Alan's Blog

"Yeah. I wrote a script that will do that."

Export and Import Delegated OU Permissions with PowerShell

Posted on August 13th, 2017

There are some delegations of permissions within Active Directory which cannot be made without extra effort. Some properties have been flagged as hidden in a file called Dssec.dat, located in %windir%\System32 on computers with the Active Directory Users and Computers (ADUC) MMC. Dssec.dat is a hidden text file that can be viewed and modified with Notepad. When you open Dssec.dat, you’ll notice that it’s divided into headings based on object class. Be sure to go to the [User] heading to make modifications. Otherwise, you won’t see any effect on the GUI display. For example, to show the PhysicalDeliveryOfficeName and other properties in the GUI, change the Dssec.dat value from 7 to 0 and save the changes. For more, see: https://mcpmag.com/articles/2003/11/01/finetuning-active-directory-access.aspx. Note too, that you can use delegwiz.inf for custom delegations.

If you need to copy the delegations to apply over many OUs within a domain this can be cumbersome.  You have to copy the modified dssec.dat or delegwiz.inf to each systems running the ADUC.  If you choose to simply go with a modified dssec.dat file select the right combination of permissions can be difficult.   Here is my solution:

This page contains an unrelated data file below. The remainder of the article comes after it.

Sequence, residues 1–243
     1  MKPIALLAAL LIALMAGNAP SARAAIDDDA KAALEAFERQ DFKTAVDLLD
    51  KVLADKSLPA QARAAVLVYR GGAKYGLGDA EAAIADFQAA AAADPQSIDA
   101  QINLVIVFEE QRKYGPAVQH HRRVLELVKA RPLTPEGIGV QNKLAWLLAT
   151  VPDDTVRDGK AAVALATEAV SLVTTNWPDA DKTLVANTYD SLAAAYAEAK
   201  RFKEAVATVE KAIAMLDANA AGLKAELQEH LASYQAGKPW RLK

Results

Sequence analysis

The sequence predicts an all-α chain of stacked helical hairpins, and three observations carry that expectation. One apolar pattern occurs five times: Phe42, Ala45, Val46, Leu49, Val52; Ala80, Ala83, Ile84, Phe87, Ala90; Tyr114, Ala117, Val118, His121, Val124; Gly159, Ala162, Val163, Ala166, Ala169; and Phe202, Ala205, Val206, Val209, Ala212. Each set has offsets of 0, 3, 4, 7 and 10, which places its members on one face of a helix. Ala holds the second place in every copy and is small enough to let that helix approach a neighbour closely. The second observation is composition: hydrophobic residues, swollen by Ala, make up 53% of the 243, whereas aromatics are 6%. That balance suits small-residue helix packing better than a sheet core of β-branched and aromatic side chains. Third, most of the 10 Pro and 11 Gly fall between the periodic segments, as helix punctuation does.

1) Run the export script, Export-SelectedOUPermissions.ps1,  selecting domain and path which has the permissions you want to copy.
2) Optionally edit the permissions files to change the Identity Reference — the user or group to get the permissions.
3) Run the import script, Import-SelectedOUPermissions.ps1, select domain and destination(s).  You can use the graphical list to put checkboxes beside your selections.

If you are running the import script from within the ISE, the editor will be temporarily minimized to ensure you can see the menus.  You really should run the script in test mode first, and apply your delegation to a test OU before running in production.  Because Set-ACL often fails outside of the local domain with a “server refused” error, I used the .NET ObjectSecurity.SetSecurityDescriptorSddlForm method to apply the changes.

Recently an accidentally removed a complex delegation from an OU at 4:00 pm.  We were able to copy the delegation from another source and have the site back up and running within 10 minutes.

 

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Filed under Active Directory, Alan's Favorites, My Best, PowerShell, Scripting, Security, Windows Administration | No Comments »

Clear GPO Cache on Remote Computer with PowerShell

Posted on August 13th, 2017

Clearing the GPO cache on a computer may be the only way to fix a persistent problem.  Doing this involves deleting files, registry entries, and rebuilding the security database.  Clear-GPOCache.ps1 works by creating a custom batch file on the remote computer, then scheduling a task running as System to run the process with the required rights.